It is essential that we understand God’s plan and purpose for the church. Our understanding of the church determines the shape of our Christian lives and the vision and passion of the ministries we offer to God. The church is more than a human institution. The church began with God.
The New Testament word for church is “ ekklesia,” which means “ the calledout, or separated ones.” The church lives in this world, but is called out to live for the purposes of God. In doing so, we are sent back into our world with the message of hope and salvation, as living witnesses.
In the Old Testament, God called his people into a covenant community, to hear from him, to follow him, and to teach his ways to each successive generation. He called them to experience his life, leadership, provisions and blessings.
First, this covenant community is based on history. God often reminded Israel of where he had brought them from, out of Egypt and slavery, liberating them ( Deuteronomy 5: 6). The mighty acts of God formed a story- line that was to be a part of their history and heritage, passing this story on from parents to children.
During the last supper, Jesus described the cup as the “ new covenant” in his blood, which was poured out for you ( Luke 22: 20). The new covenant is based on God’s gracious acts of the atoning death and resurrection of Christ. We too, have a great history and heritage and look back to the sacrifice of Christ as being central to our covenant community in the church today.
Secondly, this covenant community lives with obligations. The Ten Commandments and the Old Testament law were God’s expectations for his people. Today, we are
The church as a covenant community
saved by grace through faith in Christ, not by works or keeping the law. After we are saved, God has expectations of us to live in harmony with His word and in keeping with his teachings.
Thirdly, this covenant community has built- in blessings and consequences, for obeying or failing to obey the terms of the covenant God has set forth. Obedience or disobedience always brings either blessings or tragic consequences. God means what he says.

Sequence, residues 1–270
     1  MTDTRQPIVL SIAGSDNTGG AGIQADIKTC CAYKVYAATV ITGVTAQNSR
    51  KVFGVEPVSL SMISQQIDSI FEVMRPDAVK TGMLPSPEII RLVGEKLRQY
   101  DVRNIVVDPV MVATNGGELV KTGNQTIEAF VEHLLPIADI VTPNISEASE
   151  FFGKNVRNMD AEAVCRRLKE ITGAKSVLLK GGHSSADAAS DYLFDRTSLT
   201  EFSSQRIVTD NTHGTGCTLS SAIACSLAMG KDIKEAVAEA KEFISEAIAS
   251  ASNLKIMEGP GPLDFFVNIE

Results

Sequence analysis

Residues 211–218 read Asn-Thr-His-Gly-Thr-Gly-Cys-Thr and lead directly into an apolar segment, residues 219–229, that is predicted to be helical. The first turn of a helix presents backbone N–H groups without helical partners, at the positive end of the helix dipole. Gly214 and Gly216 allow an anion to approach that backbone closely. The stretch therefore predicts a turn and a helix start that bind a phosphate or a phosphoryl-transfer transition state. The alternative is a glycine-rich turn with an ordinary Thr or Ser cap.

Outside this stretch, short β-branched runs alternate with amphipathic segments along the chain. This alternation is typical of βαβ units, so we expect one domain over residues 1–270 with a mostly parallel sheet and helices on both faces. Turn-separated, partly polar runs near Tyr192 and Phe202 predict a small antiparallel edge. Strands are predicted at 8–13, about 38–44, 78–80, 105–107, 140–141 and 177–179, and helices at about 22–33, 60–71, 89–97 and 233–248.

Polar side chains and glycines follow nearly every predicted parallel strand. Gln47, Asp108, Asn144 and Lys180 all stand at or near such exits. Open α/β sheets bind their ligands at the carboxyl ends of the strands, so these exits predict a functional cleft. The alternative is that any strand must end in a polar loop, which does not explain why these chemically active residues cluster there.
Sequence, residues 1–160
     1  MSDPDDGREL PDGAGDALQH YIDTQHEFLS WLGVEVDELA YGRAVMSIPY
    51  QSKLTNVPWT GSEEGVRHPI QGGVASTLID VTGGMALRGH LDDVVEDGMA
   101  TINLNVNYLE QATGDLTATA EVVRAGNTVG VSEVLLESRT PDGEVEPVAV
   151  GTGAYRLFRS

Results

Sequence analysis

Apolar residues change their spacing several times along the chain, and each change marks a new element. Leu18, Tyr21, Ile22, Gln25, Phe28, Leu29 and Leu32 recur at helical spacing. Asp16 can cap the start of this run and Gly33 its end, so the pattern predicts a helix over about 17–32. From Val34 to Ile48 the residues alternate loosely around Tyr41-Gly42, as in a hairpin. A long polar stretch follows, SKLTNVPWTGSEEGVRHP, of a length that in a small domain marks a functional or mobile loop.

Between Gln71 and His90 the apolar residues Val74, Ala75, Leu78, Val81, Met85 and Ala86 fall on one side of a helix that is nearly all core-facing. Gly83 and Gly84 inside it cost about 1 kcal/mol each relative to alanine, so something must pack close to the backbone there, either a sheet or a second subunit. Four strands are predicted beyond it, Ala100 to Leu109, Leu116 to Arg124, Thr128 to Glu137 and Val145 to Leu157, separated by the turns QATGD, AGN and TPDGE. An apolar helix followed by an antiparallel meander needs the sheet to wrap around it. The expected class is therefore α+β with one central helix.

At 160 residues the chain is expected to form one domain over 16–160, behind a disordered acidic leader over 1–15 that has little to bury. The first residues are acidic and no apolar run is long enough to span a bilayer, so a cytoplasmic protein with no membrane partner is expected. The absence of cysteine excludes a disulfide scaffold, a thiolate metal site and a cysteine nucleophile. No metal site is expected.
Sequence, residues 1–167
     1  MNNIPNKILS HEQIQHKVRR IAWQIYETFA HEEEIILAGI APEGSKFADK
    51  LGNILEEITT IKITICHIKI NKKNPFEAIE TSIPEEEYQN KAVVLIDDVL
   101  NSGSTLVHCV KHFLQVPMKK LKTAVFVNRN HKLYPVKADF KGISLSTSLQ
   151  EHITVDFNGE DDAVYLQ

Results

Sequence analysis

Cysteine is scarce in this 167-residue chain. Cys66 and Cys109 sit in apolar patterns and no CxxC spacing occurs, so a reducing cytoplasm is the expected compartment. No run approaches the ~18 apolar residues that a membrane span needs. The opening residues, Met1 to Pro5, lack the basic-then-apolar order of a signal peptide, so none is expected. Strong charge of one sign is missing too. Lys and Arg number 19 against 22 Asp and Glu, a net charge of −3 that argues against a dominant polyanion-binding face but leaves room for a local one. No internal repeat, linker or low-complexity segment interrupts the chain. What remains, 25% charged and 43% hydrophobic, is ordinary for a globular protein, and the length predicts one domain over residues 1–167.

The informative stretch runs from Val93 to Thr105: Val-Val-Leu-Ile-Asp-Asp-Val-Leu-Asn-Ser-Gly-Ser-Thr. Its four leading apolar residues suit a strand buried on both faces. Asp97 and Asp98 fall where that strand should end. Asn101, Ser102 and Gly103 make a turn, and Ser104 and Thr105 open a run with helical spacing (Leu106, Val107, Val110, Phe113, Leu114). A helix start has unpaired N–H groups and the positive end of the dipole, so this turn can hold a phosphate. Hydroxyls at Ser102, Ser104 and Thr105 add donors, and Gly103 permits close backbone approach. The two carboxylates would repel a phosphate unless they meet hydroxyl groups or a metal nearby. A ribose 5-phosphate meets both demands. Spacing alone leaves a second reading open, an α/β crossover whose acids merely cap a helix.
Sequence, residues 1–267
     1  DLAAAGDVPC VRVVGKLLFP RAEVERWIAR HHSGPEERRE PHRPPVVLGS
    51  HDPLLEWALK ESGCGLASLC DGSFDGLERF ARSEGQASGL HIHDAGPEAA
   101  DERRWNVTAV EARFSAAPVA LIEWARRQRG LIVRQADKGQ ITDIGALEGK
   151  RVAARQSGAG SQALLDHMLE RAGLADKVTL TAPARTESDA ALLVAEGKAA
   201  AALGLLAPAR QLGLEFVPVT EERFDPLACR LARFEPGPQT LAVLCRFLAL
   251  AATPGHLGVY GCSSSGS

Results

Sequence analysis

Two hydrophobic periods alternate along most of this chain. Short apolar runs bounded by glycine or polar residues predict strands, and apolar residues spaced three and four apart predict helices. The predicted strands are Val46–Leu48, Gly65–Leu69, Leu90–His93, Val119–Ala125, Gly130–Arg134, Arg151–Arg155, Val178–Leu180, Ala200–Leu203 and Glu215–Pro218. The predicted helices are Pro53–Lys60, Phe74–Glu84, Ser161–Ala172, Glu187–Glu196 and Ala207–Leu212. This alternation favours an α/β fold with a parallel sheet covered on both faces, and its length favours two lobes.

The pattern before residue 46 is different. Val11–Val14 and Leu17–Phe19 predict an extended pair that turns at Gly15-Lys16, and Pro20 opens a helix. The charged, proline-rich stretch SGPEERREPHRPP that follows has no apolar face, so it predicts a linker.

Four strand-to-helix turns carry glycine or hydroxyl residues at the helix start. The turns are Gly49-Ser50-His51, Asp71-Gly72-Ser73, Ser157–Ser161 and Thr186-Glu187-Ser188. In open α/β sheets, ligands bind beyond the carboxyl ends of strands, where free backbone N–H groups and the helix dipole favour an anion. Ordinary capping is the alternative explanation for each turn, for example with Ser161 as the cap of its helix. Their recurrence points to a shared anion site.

While we are no longer under law but under grace, we remain God’s covenant people. His new covenant, through Christ, calls us to a life of deep devotion and total commitment. We are the covenant community of Christ, sharing his love and life with a world who so desperately needs it.
the Rev. Wayne Rutherford LifePointe Church of the Naza-
The Right Way to Die
2 Timothy 4: 6- 13 What’s your death going to be like? Have you ever thought of that? What is the right way to die? God’s word for today gives us some guidance, as we see Paul facing his death. He said, “ The time has come for my departure.”
The word he uses there is such a beautiful one to consider as the Christian prepares to be taken on that journey to Jesus’ side. The word for departure is a word that means “ untying” — a word used to describe a ship’s releasing from the moorings holding it in port. It’s now free to sail. It’s also the word used for breaking up an encampment, untying the tent stakes. The temporary stay here is done. Paul is heading home. That’s the right way to die, remembering what death really is — a release.
And as he is ready for this release, notice how he views the life he’s lived. He said he’s “ fought the good fight” — never giving up. He’s “ finished the race,” and all of it while he has “ kept the faith.” That has so much to say to all of those decisions we make at the end, but you’ll have to check the full version of this sermon online to see some discussion on that.
Long story short, it means making all of our decisions with the truth of God’s word in mind, and then, Paul said, a crown of righteousness awaits — a crown of victory, a crown of perfection. But, if you’re like me, you know we would never deserve to wear such a crown. Just one decision that doesn’t put God first and we’ve lost.
But then again, Paul’s sin list was pretty intense too, and he said that he gets a crown. Why? Because it isn’t a crown we win. It isn’t a crown we earn. It’s a crown our Lord and Savior Jesus Christ has stored up for us that he wants to give us, because he earned it.
You see, Jesus was poured out like a drink offering, a completely pure and perfect drink offering. He let his sacrificial blood flow all over that altar called Golgotha. He wore the crown of our thorns to give us the crown of his victory.
And he could do that because he ran our race, the course of perfection that we were supposed to run, he finished it. At that great sacrifice of atonement, he declared it finished. Then he bowed his head and gave up his Spirit. But death couldn’t keep him. Because our sins were paid for, that crown of thorns became a crown of triumph and he rose to give us each that crown of righteousness that we will wear the moment we are untied from the moorings of this life and set sail for an eternity of heaven. That is the right way to die, having finished the race we run because Jesus won. Amen.
the Rev. Jonathan E. Scharf Abiding Grace Lutheran Church